Tag Archives: circulation decline

Documenting the accelerating decline of mainstream media

Any longtime crisisblogger reader, and certainly any reader of my book Now Is Too Late, will note that I have referred to the post media world many times. In fact, it was the working title for Now Is Too Late until my publisher suggested a title change. Today two news stories came to my attention that seems to make it more and more clear that we are getting closer to a post media world if we can’t say we are in one already.

First, the LA Times documents the continuing and dramatic slide in newspaper circulation. A 10.6% decline in 6 months compared to same period the year before. That’s pretty amazing.

But this next story, about how marketers are forgoing advertising with traditional media in order to reach mass audiences with brand building is even more telling. You would think advertisers would be flocking to the media–certainly there have to be some awesome deals in buying advertising and advertising is typically bought in a pretty straightforward way with a cost per thousand calculation. Match up the right demographics and buy by the numbers at the best price. Those numbers have to be pretty attractive right now, some smoking deals I would think. But advertisers are finding they can create their own channels–on YouTube. (There is a chapter in Now Is Too Late, written in 2001 that is titled: You Are the Broadcaster). Here’s what Mark Haas from one marketing firm had to say:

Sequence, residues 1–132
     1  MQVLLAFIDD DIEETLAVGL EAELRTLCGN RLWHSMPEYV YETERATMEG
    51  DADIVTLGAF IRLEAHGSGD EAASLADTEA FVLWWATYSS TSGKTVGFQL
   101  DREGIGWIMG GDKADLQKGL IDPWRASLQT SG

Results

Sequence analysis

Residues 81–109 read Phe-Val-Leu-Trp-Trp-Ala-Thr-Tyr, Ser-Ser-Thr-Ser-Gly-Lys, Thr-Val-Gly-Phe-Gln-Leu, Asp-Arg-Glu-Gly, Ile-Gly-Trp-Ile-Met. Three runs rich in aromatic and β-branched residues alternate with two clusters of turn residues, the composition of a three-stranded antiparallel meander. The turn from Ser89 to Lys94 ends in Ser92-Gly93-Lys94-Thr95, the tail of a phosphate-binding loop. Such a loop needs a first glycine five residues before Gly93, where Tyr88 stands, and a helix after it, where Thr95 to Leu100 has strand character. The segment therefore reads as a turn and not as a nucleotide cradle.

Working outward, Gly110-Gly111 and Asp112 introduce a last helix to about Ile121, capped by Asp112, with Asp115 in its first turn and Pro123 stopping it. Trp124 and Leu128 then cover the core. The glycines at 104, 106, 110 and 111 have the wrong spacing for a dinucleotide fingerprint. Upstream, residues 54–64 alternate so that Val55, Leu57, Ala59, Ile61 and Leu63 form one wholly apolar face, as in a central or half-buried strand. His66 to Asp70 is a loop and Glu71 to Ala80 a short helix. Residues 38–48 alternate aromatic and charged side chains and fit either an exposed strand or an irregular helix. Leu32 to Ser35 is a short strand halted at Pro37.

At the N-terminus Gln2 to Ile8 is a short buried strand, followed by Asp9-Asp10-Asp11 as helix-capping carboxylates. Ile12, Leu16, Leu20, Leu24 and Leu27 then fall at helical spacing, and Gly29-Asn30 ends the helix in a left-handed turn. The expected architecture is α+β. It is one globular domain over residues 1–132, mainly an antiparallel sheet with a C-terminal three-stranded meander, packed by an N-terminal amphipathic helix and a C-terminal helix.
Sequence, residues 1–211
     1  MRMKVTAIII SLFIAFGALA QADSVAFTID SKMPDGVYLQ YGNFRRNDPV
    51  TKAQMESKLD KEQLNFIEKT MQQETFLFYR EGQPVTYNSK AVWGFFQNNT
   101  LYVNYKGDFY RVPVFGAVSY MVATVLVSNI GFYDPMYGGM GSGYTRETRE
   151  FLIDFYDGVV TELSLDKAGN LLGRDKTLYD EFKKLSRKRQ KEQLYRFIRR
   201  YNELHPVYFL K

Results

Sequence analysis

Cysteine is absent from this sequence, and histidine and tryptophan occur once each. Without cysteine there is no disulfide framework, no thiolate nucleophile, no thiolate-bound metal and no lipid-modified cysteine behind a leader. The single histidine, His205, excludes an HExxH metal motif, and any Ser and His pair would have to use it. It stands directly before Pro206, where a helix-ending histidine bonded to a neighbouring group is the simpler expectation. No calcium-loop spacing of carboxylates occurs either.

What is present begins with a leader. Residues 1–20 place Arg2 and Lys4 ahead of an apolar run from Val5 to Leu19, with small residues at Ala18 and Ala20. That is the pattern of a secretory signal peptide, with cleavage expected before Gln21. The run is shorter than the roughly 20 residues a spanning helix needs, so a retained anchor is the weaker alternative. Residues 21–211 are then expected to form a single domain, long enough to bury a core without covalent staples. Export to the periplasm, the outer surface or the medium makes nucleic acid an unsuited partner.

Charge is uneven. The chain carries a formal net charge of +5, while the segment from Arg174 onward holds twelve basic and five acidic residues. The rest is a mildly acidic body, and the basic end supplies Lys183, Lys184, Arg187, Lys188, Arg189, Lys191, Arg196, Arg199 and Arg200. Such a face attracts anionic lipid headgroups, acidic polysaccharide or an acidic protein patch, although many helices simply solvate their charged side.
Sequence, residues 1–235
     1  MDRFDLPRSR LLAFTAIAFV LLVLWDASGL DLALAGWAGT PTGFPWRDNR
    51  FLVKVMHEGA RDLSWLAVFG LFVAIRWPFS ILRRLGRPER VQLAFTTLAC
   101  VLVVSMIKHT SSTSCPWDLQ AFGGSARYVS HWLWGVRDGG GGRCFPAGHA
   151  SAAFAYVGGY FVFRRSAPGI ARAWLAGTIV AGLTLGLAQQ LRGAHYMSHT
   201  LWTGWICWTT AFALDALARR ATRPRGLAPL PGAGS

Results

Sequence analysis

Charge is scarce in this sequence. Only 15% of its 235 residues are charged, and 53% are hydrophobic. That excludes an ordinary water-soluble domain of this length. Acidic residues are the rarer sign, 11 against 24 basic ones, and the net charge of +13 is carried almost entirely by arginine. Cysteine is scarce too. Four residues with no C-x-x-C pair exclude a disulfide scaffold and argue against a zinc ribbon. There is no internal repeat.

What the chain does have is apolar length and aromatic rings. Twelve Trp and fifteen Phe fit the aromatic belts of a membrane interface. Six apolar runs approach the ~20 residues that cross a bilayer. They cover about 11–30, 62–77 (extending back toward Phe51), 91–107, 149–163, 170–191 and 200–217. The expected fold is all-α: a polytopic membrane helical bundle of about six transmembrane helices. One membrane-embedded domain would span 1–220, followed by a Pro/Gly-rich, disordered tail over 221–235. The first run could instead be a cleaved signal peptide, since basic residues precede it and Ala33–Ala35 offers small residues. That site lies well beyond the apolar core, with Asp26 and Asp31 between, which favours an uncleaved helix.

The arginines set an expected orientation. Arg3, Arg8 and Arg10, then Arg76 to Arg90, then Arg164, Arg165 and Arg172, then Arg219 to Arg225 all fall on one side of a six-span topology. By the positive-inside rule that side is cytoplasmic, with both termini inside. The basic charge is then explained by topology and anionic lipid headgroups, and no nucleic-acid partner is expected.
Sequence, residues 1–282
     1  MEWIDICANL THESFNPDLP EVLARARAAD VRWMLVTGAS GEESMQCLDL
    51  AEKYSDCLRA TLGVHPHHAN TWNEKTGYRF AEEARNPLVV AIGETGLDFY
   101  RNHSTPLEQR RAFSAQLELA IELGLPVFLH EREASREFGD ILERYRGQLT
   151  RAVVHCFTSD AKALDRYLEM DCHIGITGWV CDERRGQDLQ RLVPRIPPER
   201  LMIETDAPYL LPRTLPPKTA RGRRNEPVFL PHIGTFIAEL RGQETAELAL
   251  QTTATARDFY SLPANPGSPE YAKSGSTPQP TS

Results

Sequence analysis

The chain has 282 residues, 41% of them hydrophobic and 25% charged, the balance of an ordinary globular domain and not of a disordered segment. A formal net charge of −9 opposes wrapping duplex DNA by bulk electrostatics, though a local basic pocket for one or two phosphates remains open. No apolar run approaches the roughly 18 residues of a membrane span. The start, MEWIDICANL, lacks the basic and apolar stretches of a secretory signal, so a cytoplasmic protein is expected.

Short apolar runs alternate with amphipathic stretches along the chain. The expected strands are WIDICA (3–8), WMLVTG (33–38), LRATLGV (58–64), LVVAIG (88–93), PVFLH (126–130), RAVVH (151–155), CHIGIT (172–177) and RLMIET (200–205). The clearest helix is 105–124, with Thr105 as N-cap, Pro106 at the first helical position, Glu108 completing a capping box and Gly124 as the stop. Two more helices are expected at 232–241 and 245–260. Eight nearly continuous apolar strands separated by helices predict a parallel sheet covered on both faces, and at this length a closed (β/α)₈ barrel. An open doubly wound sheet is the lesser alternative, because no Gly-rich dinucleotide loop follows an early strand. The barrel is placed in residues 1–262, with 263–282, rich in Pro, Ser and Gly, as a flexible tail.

“You build a channel on YouTube and you get millions of views,” Mr. Hass said. “And these people are coming from all over, and it’s more about their interest in your product, as opposed to the readership and viewership of a particular medium. It’s horizontal. If you wanted to reach that many people using traditional media, you would have to pitch and place in dozens of outlets.”

For crisis communicators, the lesson should be clear. Stop thinking media first. Stop thinking your job is to put out a press release about what is going on. Stop thinking the most important thing you will do in a crisis is set up and run a good press conference. Stop thinking the only questions you have time to answer are from reporters. Stop being so media-centric.

Start thinking direct. Start thinking about the people who matter most to your future–the people who if they thought bad of you would cause your organization some nightmares. Start thinking about engaging rather than distributing. Start thinking about participating instead of controlling. Start thinking about how you are going to interact with hundreds or thousands–personally–when you really need to. Start realizing that You are the Broadcaster.